ZiPS provides a player comparison as part of its projections. Along with player performance, there’s a laundry list of things that go into generating a probable aging curve for players. Keeping this in mind, Adrián González was listed as Yordan Alvarez’s player comparison for 2022.
For Astros fans, the González comparison is a win. He created more runs than the average batter in 11 consecutive seasons from 24 to 34 years old, putting together MVP-caliber seasons from 2009 to 2011. From an investor’s standpoint, however, a comparison to González doesn’t add any excitement. We’ll dive into that below.
Alvarez’s actual 2022 season was much better than anyone predicted, so you’re probably not surprised to learn it was also much better than Adrián González’s age-25 season. When the 2023 projection comes out at the end of the year, it will be interesting to see how they value the slugger’s 2022 production. I’d also expect a player comparison much more in line with the way both fans and investors view Alvarez.
For what it’s worth, Baseball-Reference’s similarity scores list Hall of Famer Willie McCovey as Alvarez’s most similar batter through this point in his career.
How does the hobby currently feel about Yordan Alvarez rookie cards?
Alvarez’s first prospect cards came out in 2018, with his official rookie cards being held until 2020. There’s no shortage of Yordan Alvarez cards to choose from. Beckett reports 5,122 total cards, 74 being rookie cards and 1,890 autographs.
We’ll start with a few of his popular prospect cards, giving you the most recent sale price for a PSA-10 and the card’s population report. Then we’ll do the same with a few of his rookie cards. The cards listed below have various parallels, but we’ll be listing the base card and one or two parallels.
- 2018 Bowman Chrome Prospects Autographs #CPAYA
- 2018 Bowman’s Best Best of 2018 Autographs #B18YA
- 2020 Topps Rookie Card #276
- 2020 Topps Chrome Rookie Card #200
What should we expect moving forward?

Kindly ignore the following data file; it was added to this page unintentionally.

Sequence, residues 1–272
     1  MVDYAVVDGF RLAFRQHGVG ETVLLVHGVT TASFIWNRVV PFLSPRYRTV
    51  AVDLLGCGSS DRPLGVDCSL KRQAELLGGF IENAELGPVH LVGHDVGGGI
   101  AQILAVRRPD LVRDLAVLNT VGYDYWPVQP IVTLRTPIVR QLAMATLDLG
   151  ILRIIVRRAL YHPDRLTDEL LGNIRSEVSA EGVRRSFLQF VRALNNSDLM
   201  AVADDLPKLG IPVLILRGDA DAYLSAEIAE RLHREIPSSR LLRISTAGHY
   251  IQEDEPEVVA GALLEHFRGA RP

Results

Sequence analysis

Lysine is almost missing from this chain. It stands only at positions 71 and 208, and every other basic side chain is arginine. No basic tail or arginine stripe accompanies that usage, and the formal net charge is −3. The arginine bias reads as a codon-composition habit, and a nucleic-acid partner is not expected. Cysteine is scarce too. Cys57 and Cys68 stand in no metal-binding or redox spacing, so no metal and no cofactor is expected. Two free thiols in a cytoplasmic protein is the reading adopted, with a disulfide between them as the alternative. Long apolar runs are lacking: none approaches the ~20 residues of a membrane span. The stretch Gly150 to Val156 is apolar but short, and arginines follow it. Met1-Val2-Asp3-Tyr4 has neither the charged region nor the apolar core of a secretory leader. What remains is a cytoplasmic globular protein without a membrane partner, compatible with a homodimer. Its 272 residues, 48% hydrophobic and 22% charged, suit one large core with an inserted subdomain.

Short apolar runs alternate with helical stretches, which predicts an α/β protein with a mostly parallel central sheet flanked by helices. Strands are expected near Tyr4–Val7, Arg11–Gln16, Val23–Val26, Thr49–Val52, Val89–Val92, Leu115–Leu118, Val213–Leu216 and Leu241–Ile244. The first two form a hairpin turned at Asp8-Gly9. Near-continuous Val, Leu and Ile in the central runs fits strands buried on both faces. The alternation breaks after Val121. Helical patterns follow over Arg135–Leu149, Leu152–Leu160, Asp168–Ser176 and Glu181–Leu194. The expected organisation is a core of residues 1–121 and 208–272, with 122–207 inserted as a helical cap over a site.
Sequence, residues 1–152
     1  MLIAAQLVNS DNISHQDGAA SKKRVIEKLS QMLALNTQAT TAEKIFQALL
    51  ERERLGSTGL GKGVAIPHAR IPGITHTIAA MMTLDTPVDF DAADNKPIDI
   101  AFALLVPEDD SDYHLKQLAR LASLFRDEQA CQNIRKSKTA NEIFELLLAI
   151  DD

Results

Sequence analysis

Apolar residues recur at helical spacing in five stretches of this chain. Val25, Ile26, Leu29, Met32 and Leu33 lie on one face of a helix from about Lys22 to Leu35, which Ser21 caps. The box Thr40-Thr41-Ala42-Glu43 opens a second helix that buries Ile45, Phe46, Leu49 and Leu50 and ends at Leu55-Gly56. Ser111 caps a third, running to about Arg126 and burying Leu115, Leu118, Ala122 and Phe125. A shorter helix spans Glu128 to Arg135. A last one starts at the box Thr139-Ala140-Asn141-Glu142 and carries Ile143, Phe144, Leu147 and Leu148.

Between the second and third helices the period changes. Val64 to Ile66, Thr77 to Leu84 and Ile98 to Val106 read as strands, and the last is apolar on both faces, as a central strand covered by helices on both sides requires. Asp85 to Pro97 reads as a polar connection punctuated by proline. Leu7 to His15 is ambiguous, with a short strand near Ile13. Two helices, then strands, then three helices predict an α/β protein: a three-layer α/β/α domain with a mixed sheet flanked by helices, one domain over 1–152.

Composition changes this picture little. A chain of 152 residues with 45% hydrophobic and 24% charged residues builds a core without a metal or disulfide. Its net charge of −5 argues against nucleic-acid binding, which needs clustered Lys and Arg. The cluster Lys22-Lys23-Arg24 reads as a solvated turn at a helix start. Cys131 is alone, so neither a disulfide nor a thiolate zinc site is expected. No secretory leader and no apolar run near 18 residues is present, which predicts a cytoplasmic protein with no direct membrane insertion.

Let’s start with why the Adrián González comparison doesn’t thrill me from an investor’s standpoint. Despite being the first overall pick in the 2000 draft, the hype died down based on available PSA data.
González’s 2000 Bowman Chrome rookie cards in gem mint condition are valued between $10-$20, with sale prices spiking just a handful of times over the past eight years. If there was any sort of value in his cards early in his career, they have not maintained that value at all.
One thing that González had that Alvarez does not is that he was a position player. Prior to the 2022 season, Alvarez spent most of his time in the designated hitter’s spot and played left field when needed.
Because his defense was sub-par and given his injury history, I (and likely many others) figured Alvarez would assume a full-time DH role. Below are card values for other designated hitters around the league:
- Nelson Cruz rookie card: $155
- J.D. Martinez rookie card: $60
- Jorge Soler rookie card: $35
- Giancarlo Stanton rookie card: $52
I’ll admit, however, that I was wrong. Alvarez’s has played a career high 53 games in left field this season, with his other 68 starts coming at DH. To his credit, the 6-foot-5 player has held his own on defense. Two of the three advanced defensive metrics have Alvarez as a top-10 defensive left fielder. Astros’ manager Dusty Baker has even noticed than his young player has “worked extremely hard on his defense” as of late.
Investors tend to gravitate towards offensive superstars, and Yordan Alvarez has clearly proved he’s one of the best hitters in baseball. If he winds up being more of a DH than an outfielder, I don’t think it would make or break his card value. If he proves he can regularly play a position (and play it well), that can only help.
Yordan Alvarez’s Top 5 Rookie Cards
The list below shows five of Alvarez’s most valuable cards, along with the most recent PSA-10 sale for each card. Prices correct at the time of this post.
2018 Bowman Chrome Prospect Autograph Gold Refractor (/50) #CPAYA: $8,600
2020 Topps Chrome Rookie Autograph Red Refractor (/5) #RAYA: $5,634
2020 Bowman Chrome Rookie Autograph Orange Refractor (/25) #CRAYA: $2,619
2020 Bowman Heritage Chrome Autograph Gold Refractor (/50) #YA: $1,199
Bottom Line: Is Yordan Alvarez worth investing in?
Because Alvarez seems to fly under the radar compared to some other top sluggers, many of his cards are reasonably priced, I think the risk is whether or not the Astros slugger can stay healthy. If the knee injuries reoccur and prohibit him from turning into a star, investors might end up saying he was a bust.
From what he’s shown in 2022, Alvarez has been able to stay on the field and turned himself into one of the best hitters in baseball. Alvarez’s offensive profile should easily propel his cards to the forefront of the hobby. For those hesitant to splurge on his Bowman prospect cards but still want in, Yordan Alvarez’s 2020 rookie cards are a more reasonable alternative.